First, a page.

Baseband transmissions use the entire communication channel capacity... more/see it nowto transmit a single data signal. Many LANs employ Thin coax for baseband signaling.

Broadband transmissions use different frequencies to carry several analog signals simultaneously. Each signal can for be a different type of information—data, voice, even video. Broadband transmissions over coax employ either one or two cables. With single-cable coax wiring, frequencies are split into individual channels for each station; some channels are allocated for bidirectional communication. Dual-cable coax wiring uses one cable for sending and one cable for receiving data, each with multiple channels. Broadband transmissions are ideal for long distances. Thick coax is often used for broadband transmissions.

Unlike broadband transmissions, carrierband transmissions can only use one information channel. Carrierband is best suited for the horizontal subsystems (subnetworks) in industrial settings. Many LANs use Thin coax for carrierband signaling. collapse

Black Box Explains... SC and ST connectors.

The SC Connector features a molded body and a push-pull locking system. It’s perfect for the office, CATV, and telephone applications.

The ST® Connector uses a bayonet locking system. Its... more/see it nowceramic ferrule ensures high performance. collapse

Black Box Explains...MIMO wireless.

Multiple-Input/Multiple-Output (MIMO) is a part of the new IEEE 802.11n wireless standard. It’s a technique that uses multiple signals to increase the speed, reliability, and coverage of wireless networks. It... more/see it nowtransmits multiple datastreams simultaneously, increasing wireless capacity to up to 100 or even 250 Mbps.

This wireless transmission method takes advantage of a radio transmission characteristic called multipath, which means that radio waves bouncing off surfaces such as walls and ceilings will arrive at the antenna at fractionally different times. This characteristic has long been considered to be a nuisance that impairs wireless transmission, but MIMO technology actually exploits it to enhance wireless performance.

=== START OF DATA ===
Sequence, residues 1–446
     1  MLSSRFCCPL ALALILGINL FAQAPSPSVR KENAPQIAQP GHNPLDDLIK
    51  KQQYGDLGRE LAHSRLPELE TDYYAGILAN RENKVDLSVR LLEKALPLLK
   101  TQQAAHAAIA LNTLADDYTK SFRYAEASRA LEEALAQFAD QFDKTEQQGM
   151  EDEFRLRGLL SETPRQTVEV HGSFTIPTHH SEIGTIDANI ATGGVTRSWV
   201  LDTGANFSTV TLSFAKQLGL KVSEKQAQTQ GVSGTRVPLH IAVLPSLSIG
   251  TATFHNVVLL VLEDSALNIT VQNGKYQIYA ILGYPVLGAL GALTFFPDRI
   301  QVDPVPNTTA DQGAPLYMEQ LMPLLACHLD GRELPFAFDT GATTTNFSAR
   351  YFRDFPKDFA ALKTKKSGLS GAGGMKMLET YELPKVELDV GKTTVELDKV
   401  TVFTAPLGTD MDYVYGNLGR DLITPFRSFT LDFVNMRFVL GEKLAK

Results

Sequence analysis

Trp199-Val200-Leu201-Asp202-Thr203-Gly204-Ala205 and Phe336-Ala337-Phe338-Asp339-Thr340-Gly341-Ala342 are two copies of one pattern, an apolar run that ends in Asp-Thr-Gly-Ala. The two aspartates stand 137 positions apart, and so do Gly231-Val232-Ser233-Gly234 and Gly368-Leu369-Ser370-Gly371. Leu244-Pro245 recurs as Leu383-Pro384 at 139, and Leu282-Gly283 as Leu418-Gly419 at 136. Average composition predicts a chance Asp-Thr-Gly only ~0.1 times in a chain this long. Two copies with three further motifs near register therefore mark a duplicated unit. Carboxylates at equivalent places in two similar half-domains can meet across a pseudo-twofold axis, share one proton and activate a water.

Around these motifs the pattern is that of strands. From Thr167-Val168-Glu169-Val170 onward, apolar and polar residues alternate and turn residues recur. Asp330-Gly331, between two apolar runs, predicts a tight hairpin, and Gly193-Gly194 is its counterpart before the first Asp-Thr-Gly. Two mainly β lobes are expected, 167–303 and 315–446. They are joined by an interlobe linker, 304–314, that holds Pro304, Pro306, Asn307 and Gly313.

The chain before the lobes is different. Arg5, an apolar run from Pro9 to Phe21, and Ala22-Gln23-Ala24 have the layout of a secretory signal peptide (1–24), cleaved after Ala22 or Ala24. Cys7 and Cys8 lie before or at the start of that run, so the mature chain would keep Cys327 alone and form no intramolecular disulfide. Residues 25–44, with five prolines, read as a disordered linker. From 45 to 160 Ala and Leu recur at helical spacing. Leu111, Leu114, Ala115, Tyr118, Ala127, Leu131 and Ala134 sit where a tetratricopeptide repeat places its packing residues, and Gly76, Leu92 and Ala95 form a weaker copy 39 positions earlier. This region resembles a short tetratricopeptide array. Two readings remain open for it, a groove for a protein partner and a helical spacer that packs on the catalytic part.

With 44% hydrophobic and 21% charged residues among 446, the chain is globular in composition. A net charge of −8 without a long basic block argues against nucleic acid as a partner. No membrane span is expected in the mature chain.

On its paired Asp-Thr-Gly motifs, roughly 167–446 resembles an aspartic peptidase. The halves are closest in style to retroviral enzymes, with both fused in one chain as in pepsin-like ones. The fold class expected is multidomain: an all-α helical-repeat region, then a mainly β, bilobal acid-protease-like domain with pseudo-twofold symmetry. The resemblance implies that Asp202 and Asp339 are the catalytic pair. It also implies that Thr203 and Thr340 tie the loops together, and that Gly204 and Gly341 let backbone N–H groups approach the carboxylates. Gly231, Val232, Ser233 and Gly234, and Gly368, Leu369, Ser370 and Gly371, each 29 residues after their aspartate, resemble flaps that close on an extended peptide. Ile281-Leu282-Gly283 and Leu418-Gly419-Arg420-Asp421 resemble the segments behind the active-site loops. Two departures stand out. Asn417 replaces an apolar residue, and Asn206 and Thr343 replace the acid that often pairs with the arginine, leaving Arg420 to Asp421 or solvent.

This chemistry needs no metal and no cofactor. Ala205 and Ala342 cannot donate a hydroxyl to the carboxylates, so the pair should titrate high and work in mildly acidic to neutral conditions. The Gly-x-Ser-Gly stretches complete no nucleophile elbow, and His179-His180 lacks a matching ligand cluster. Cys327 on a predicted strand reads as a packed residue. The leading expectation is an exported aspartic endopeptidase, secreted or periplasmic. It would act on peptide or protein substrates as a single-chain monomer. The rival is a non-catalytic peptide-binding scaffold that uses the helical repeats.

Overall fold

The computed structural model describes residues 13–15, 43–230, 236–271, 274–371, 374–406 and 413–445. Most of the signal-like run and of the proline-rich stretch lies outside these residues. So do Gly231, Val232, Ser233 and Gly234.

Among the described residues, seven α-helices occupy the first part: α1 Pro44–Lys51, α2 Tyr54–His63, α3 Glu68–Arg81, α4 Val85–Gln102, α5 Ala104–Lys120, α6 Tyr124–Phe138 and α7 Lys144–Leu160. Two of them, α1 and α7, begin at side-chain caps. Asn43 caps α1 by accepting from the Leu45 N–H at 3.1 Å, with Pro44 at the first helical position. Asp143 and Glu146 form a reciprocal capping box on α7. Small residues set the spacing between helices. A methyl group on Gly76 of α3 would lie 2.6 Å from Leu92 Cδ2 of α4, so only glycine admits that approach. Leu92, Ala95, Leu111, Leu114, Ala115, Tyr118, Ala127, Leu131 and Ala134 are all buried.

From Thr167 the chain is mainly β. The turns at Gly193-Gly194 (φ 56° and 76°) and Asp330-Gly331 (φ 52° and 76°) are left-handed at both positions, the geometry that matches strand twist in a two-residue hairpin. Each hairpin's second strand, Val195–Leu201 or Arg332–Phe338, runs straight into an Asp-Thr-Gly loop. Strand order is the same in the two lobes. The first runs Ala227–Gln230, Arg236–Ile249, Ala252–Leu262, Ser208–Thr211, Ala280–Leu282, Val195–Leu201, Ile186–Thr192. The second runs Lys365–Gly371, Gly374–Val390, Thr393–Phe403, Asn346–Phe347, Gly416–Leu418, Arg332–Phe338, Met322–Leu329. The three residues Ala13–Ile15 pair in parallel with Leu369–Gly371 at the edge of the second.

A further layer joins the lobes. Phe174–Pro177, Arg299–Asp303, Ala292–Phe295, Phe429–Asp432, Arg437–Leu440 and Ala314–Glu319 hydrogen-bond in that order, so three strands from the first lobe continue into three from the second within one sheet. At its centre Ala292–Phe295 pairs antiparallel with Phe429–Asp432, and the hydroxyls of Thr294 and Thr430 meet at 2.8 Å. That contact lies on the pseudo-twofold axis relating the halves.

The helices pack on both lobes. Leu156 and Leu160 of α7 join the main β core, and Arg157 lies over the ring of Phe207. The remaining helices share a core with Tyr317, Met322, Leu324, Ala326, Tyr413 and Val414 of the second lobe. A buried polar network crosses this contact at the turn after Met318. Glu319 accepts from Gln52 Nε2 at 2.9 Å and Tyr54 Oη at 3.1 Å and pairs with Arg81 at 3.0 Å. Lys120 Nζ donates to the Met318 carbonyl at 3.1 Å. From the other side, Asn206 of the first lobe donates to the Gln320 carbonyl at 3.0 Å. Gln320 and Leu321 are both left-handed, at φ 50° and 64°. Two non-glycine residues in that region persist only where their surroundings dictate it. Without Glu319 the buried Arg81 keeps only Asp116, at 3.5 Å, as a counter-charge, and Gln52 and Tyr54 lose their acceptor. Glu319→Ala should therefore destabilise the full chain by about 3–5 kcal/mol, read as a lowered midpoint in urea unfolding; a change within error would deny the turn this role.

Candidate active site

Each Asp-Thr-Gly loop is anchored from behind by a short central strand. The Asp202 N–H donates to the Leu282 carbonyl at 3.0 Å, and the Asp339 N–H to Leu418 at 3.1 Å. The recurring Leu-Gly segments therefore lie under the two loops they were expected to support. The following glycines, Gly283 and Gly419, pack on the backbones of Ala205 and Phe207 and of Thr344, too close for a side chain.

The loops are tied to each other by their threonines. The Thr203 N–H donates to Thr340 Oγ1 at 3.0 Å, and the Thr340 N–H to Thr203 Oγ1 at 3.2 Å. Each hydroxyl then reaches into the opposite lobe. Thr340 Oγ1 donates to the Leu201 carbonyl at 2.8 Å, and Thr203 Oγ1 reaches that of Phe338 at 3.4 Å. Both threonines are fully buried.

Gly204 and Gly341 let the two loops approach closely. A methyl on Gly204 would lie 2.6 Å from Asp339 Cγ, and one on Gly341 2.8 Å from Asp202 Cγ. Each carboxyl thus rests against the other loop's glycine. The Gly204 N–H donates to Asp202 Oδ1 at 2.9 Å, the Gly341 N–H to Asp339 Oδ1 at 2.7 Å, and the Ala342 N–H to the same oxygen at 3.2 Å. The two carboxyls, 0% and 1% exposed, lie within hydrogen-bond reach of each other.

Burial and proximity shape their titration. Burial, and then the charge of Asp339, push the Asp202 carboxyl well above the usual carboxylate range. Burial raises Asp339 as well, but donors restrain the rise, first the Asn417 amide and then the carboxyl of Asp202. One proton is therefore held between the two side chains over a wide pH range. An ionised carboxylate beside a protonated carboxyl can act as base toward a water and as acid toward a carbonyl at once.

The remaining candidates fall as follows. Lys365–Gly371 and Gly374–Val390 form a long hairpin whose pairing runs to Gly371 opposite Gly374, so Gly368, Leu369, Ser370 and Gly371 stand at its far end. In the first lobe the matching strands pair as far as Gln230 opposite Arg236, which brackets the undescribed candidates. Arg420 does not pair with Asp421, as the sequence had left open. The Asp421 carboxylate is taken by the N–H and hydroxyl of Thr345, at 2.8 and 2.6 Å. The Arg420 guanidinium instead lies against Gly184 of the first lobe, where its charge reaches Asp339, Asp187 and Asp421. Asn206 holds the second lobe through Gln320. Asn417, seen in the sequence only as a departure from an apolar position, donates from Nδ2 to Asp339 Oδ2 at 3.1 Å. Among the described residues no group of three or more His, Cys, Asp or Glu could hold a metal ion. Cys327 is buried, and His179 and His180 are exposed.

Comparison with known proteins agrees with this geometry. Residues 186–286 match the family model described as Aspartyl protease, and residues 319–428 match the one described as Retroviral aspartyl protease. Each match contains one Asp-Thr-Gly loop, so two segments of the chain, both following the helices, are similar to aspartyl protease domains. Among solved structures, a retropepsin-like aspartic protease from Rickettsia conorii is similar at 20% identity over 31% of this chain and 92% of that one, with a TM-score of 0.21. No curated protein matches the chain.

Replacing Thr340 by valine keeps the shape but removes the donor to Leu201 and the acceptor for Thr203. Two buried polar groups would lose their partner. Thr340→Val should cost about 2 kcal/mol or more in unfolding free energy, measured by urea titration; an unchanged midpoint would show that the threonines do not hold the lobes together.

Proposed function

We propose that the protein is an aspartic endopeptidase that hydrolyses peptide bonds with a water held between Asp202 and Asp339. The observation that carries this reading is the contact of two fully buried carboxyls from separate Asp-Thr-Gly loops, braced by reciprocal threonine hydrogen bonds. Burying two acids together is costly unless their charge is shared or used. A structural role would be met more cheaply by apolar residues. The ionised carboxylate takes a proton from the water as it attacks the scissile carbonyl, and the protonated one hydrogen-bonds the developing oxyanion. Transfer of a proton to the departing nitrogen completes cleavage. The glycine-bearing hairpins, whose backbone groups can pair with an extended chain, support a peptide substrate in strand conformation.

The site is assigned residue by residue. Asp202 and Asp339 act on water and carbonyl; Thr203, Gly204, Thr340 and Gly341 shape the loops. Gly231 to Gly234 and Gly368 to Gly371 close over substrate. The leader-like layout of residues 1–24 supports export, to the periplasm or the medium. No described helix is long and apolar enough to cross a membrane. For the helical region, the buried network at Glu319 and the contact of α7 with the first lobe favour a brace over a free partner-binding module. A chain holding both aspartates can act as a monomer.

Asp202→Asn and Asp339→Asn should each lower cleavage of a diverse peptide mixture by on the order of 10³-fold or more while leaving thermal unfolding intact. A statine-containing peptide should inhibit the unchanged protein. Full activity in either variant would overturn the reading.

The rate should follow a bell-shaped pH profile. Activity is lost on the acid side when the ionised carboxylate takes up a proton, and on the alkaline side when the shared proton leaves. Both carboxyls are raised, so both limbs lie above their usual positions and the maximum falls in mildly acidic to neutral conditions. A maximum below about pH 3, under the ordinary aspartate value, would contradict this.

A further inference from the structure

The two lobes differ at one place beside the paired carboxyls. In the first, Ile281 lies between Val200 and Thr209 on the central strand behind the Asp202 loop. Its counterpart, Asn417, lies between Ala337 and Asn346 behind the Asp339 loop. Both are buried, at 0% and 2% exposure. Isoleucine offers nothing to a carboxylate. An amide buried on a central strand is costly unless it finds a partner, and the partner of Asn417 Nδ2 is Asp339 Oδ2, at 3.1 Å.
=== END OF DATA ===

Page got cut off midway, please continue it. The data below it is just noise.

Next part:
MIMO sends a high-speed data stream across multiple antennas by breaking it into several lower-speed streams and sending them simultaneously. Each signal travels multiple routes for redundancy.

To pick up these multipath signals, MIMO uses multiple antennas and compares signals many times a second to select the best one. A MIMO receiver makes sense of these signals by using a mathematical algorithm to reconstruct the signals. Because it has multiple signals to choose from, MIMO achieves higher speeds at greater ranges than conventional wireless hardware does. collapse

Black Box Explains…Component vs. channel testing.

When using a Category 6 system, the full specification includes the testing of each part individually and in an end-to-end-channel. Because CAT6 is an open standard, products from different vendors... more/see it nowshould work together.

Channel testing includes patch cable, bulk cable, jacks, patch panels, etc. These tests cover a number of measurements, including: attenuation, NEXT, PS-NEXT, EL-FEXT, ACR, PS-ACR, EL-FEXT, PS-ELFEXT, and Return Loss. Products that are tested together should work together as specified. In theory, products from all manufacturers are interchangeable. But, if products from different manufacturers are inserted in a channel, end-to-end CAT6 performance may be compromised.